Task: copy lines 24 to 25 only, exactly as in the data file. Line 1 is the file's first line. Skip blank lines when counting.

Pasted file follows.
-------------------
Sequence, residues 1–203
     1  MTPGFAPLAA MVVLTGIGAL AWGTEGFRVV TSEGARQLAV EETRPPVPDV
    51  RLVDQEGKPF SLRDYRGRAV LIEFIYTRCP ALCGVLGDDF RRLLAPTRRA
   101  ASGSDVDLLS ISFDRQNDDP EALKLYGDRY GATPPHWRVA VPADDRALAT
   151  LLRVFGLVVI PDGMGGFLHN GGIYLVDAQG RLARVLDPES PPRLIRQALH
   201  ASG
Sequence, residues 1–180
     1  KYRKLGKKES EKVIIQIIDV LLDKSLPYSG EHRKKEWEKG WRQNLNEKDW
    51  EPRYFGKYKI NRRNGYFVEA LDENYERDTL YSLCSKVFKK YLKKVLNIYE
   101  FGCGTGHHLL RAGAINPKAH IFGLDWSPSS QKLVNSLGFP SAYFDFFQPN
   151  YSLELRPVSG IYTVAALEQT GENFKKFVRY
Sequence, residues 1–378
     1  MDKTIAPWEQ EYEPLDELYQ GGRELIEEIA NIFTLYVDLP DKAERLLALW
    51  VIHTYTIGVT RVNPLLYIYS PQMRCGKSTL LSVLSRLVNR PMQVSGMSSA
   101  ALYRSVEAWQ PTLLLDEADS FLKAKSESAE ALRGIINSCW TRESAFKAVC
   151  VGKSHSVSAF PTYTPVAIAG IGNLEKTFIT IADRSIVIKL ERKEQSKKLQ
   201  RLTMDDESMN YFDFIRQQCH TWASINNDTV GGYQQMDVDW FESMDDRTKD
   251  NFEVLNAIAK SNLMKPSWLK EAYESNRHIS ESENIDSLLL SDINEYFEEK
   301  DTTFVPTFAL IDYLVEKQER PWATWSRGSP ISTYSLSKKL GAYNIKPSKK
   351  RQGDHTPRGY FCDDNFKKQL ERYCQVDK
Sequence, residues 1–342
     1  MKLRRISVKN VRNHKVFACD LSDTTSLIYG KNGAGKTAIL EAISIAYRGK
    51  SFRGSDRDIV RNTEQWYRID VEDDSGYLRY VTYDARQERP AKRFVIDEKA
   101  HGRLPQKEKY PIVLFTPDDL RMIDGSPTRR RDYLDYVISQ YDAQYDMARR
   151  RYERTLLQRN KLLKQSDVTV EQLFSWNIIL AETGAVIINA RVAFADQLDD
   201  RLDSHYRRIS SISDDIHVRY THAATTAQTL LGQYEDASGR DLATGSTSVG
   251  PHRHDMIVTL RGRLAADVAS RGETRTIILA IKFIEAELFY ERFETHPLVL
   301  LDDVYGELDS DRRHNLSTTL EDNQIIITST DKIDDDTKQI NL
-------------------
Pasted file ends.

   101  HGRLPQKEKY PIVLFTPDDL RMIDGSPTRR RDYLDYVISQ YDAQYDMARR
   151  RYERTLLQRN KLLKQSDVTV EQLFSWNIIL AETGAVIINA RVAFADQLDD